Report: Pine Nut Wild Horse Roundup, Summer 2019

The Pine Nut Mountains HMA consists of 95,391 BLM public lands acres, as well as 8,925 acres of a mix of both private and other public lands for a total of 104,316 acres. The BLM has established an arbitrary population limit of just 118-179 wild horses allowed to reside within the HMA.

The BLM has confirmed that this roundup will not impact the Fish Springs wild horses who live just outside of the HMA. These horses were the subject of controversy last summer when the BLM announced a plan to remove 70 wild horses from the small population.


The originally designed wild horse habitat for this area (called Herd Area) consists of 251,792 acres of which 183,479 are BLM-managed lands. In 1975, the BLM identified an estimated 297 animals in the Pine Nut Mountains Herd Area (the larger area which preceded designation of the HMA). In 1982 the BLM indicated that wild horses would be eliminated from the southern portion of the Pine Nut Mountains Herd Area (aka  zero out horses) indicating that “Wild horse numbers will be totally removed, as requested, from checkerboard lands in the ….Southern Pine Nut Herd Management Area (HMA) which is less than the total HMA.” The request to zero out horses came from private land-owners. In 1986 the BLM determined that the “Appropriate Management Level” (AML), which is BLM speak for the number of horses allowed to live in the northern Herd Management Area would be 387 horses. Flash forward to 1995, the BLM revised AML for the HMA to only allow 119-179 horses.

In 2016, the BLM claimed that there are more than 357 horses inside and 222 horses outside the HMA (presumably this number has increased). Today, the majority of the horses identified as “outside” the HMA are primarily in the HA or were found on the HMA and HA border. Additionally, it’s likely that these horses travel between the HMA/HA borders without knowing, of course, of the artificial line the BLM has created. Unfortunately, the BLM does not consider the natural wild horse movement – both daily and seasonal movement – when establishing the boundaries. AWHC believes such information must be taken into account to adjust boundaries to accommodate the horses’ natural movements that are largely dependent on nutritional and water needs.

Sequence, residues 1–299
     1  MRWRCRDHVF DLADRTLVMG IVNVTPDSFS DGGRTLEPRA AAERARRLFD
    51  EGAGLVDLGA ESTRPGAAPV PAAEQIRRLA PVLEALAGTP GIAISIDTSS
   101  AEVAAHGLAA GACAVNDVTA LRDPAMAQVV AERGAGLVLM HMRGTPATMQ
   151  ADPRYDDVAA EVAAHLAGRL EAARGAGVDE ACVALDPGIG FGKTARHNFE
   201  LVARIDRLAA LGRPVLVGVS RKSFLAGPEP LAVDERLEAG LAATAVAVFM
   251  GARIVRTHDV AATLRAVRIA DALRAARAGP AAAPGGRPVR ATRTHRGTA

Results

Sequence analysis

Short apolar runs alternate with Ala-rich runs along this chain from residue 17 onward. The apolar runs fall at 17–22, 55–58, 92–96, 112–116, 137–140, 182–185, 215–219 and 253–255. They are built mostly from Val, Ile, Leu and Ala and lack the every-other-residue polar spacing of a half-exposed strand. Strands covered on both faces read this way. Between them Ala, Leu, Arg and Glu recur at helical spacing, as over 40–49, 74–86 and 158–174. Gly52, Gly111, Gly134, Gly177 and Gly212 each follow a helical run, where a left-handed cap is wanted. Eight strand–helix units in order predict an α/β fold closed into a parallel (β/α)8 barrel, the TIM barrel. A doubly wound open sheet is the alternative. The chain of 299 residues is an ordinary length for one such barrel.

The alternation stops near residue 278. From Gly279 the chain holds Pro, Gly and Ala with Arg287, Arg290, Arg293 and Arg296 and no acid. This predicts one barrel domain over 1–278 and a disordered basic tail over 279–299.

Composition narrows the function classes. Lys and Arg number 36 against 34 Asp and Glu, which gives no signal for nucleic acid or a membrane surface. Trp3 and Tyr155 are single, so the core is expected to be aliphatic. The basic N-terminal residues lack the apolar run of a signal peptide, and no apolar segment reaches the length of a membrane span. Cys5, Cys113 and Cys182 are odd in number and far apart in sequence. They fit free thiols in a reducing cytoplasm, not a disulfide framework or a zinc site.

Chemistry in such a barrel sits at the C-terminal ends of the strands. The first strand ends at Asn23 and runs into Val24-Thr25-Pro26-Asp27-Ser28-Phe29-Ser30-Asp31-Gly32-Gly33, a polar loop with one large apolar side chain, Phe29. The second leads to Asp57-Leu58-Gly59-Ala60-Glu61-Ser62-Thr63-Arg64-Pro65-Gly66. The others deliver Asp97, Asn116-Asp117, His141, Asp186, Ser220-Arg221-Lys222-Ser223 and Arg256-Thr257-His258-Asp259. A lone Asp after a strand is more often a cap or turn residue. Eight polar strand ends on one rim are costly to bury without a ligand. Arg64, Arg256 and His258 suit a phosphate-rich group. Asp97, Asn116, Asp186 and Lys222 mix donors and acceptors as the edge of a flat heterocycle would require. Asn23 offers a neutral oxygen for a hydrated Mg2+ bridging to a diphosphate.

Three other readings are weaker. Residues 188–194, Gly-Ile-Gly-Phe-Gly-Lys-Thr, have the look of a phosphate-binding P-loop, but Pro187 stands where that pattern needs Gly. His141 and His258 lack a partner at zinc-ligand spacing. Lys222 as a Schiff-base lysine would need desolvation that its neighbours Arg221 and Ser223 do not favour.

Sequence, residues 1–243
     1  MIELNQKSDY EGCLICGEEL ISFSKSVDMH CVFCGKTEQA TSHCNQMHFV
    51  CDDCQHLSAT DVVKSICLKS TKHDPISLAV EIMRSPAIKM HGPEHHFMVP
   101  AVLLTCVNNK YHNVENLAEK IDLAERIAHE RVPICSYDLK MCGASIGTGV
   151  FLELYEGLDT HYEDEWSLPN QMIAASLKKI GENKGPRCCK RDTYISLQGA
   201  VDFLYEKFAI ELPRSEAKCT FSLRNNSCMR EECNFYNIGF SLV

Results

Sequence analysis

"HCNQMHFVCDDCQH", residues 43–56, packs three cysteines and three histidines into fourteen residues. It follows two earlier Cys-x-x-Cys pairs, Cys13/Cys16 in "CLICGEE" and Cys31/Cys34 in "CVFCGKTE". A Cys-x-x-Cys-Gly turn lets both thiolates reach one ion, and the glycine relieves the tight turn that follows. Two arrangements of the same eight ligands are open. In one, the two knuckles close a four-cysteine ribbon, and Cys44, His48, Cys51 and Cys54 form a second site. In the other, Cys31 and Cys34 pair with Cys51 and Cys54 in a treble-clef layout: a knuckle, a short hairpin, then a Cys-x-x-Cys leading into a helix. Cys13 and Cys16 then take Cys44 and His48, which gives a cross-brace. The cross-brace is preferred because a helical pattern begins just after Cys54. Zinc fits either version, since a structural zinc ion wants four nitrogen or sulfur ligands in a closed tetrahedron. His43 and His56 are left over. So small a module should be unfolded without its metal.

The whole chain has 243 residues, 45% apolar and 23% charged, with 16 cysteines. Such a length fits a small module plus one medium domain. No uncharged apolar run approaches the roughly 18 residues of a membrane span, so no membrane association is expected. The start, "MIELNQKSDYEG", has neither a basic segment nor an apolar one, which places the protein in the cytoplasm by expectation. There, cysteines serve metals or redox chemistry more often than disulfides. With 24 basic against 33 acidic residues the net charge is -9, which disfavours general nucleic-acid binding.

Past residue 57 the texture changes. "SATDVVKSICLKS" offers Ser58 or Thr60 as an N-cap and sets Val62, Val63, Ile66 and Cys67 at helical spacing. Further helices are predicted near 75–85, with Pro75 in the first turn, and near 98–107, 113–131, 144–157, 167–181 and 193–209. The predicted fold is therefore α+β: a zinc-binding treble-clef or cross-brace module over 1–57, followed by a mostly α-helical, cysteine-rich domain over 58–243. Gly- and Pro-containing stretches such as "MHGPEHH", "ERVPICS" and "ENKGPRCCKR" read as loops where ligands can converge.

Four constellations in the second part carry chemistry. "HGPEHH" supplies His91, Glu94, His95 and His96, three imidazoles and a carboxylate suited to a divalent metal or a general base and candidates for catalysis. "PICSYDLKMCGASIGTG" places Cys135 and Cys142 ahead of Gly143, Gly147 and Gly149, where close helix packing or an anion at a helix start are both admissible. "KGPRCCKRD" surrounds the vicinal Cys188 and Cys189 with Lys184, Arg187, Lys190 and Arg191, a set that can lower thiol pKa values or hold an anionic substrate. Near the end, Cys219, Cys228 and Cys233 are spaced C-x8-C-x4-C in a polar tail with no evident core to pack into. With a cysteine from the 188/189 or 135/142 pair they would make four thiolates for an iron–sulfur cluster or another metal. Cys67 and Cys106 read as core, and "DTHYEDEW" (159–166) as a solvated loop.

The BLM claims that the Pine Nut wild horses congregate in the northern area of the HMA and are not evenly distributed across the HMA despite there being more vegetation and water in other areas of the HMA. Often livestock grazing allotment area enclosed by perimeter fencing; AWHC questioned whether fencing was keeping horses out of certain allotments within the HMA (see map for multi-color allotment boundaries). BLM claims that fencing was not utilized in the HMA and would not be the cause for horses failing to utilize the entire HMA.


August 1, 2019

6 wild horses were rounded up and removed today from the Pine Nut HMA outside of Carson City, Nevada. Advocates on the ground do not think there are very many horses to roundup. 

July 31, 2019

Our field representative was one of just two members of the public in attendance at the roundup of the Pine Nut wild horses. 6 horses were rounded up and removed and there was 1 death. An adult black mare was euthanized after suffering a with broken front leg. 

July 30, 2019

Our field representative was one of 6 members of the public at the roundup of the Pine Nut wild horses.

The observation area, if you can even call it that, was located miles away from the trap site. We could barely see anything, even with good binoculars and a telephoto lens.

The helicopter contractors attempted to capture the large group of horses that evaded capture yesterday. After several attempts, all of these horses managed to evade capture again. Later in the day, they were able to round up 3 horses before calling it a day.

Locals have said there are not many horses to even remove after the roundup in the winter.

July 29, 2019

21 horses were rounded up and removed from the Pine Nut mountains HMA. The observation area was limited, placed behind a mountain and approximately 1-mile away from the trap site.

The helicopter contractors stampeded a large group for several hours in temperatures ranging from 88 degrees Fahrenheit into the mid-'90s.

The large group all managed to escape, even after repeated attempts to push the group of exhausted horses, including foals, into the trap.